Museum Reports Stolen Painting, 12 Years Later

Gallery wanted to make sure it hadn't been misplaced first
By Evann Gastaldo,  Newser Staff
Posted Jan 25, 2012 1:41 PM CST
A member of the media takes a closer look at the National Gallery of Victoria's (NGV's) newly acquired painting by Italian Renaissance painter Correggio.   (Getty Images)

(Newser) – When a $200,000 painting went missing from Australia's National Gallery of Victoria in Melbourne, the gallery wanted to be sure it did not falsely accuse a staff member of theft when the painting could simply have been misplaced. So it searched for Richard Parkes Bonington's Low Tide at Boulogne … for 12 years. The oil painting has only recently been reported stolen, the Telegraph reports.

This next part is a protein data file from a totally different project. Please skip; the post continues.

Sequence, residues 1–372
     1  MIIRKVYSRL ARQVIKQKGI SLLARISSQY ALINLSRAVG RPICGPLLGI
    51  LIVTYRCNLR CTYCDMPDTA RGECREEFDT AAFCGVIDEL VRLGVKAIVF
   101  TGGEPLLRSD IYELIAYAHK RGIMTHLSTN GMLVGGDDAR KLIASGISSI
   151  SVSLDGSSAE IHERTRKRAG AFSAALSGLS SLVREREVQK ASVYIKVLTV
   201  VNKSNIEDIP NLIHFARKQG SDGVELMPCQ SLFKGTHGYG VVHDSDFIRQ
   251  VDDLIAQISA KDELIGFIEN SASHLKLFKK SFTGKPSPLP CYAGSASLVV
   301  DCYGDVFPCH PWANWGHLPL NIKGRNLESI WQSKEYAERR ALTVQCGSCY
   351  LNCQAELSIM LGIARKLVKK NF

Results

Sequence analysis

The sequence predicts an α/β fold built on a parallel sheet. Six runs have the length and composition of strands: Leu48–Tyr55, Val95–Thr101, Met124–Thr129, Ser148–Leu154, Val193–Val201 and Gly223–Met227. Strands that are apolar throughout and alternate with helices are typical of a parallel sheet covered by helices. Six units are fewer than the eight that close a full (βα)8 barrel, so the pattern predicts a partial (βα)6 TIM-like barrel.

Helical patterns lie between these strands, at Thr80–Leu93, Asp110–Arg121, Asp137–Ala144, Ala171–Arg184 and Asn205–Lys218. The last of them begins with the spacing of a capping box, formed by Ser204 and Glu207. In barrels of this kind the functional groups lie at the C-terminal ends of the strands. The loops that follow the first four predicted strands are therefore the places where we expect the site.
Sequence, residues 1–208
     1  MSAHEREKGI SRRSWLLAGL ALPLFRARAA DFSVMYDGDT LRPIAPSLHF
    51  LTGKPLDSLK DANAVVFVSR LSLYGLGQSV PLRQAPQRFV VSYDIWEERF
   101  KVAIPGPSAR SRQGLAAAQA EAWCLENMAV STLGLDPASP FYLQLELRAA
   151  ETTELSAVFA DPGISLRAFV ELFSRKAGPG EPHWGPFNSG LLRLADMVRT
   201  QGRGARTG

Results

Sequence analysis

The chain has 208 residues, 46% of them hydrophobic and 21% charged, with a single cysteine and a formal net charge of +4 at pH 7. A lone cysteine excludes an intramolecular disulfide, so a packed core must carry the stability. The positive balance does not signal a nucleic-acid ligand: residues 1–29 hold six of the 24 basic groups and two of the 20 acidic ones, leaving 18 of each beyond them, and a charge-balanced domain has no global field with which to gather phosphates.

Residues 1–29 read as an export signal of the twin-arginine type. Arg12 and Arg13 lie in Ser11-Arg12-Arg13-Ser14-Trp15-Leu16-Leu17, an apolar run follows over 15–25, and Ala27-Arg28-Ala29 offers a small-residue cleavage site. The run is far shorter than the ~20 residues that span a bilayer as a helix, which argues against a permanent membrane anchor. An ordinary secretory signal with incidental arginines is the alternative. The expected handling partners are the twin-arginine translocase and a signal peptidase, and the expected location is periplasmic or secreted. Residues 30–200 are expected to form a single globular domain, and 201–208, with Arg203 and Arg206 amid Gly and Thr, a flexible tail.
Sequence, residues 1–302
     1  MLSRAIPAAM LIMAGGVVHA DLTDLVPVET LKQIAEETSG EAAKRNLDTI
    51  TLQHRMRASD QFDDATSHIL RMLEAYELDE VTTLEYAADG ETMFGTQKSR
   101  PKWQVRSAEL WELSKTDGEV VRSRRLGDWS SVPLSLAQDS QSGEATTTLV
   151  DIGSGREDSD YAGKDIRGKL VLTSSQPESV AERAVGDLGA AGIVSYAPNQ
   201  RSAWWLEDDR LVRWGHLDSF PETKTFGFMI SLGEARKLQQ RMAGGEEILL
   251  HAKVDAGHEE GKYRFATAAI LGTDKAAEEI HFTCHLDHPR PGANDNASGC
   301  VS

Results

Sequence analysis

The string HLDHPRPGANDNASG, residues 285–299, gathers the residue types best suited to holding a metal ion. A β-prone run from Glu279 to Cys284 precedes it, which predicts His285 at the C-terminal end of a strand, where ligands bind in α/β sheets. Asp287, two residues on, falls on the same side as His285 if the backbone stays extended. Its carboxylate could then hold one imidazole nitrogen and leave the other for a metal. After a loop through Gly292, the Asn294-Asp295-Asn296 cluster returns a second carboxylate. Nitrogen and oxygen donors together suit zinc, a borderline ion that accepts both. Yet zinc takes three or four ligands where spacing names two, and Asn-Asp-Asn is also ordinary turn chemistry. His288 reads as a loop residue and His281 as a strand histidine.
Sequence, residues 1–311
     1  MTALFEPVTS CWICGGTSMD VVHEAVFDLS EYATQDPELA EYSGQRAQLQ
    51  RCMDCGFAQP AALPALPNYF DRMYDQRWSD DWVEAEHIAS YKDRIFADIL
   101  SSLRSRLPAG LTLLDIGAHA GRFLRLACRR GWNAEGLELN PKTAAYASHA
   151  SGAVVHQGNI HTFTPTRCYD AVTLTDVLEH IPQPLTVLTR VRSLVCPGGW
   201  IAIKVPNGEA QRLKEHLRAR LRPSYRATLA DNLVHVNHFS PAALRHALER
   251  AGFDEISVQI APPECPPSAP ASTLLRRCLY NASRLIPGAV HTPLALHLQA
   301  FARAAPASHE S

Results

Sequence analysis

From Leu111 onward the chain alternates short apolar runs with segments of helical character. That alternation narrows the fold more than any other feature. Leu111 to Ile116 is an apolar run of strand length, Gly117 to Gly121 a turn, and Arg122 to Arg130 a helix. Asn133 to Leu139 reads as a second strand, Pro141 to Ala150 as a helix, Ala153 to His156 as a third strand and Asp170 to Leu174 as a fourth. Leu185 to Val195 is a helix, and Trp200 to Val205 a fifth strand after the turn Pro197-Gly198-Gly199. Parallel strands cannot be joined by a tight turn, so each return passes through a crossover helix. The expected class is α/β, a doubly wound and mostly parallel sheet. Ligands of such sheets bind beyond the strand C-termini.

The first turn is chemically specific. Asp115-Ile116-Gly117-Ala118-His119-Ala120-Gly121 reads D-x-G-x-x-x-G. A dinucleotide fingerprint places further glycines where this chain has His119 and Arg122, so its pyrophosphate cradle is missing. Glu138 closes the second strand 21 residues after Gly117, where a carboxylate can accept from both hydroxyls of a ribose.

The 1824 piece most likely went missing during 1999 renovations, when the gallery's 65,000 pieces were relocated. The council of trustees was informed in 2003 that the piece was, "in all likelihood," missing, and police were alerted in 2004. But the gallery wanted to try to find the painting, and searched for eight years before finally reporting the theft to the government last year—a fact which came to light recently thanks to a freedom of information request. (Read more stolen art stories.)

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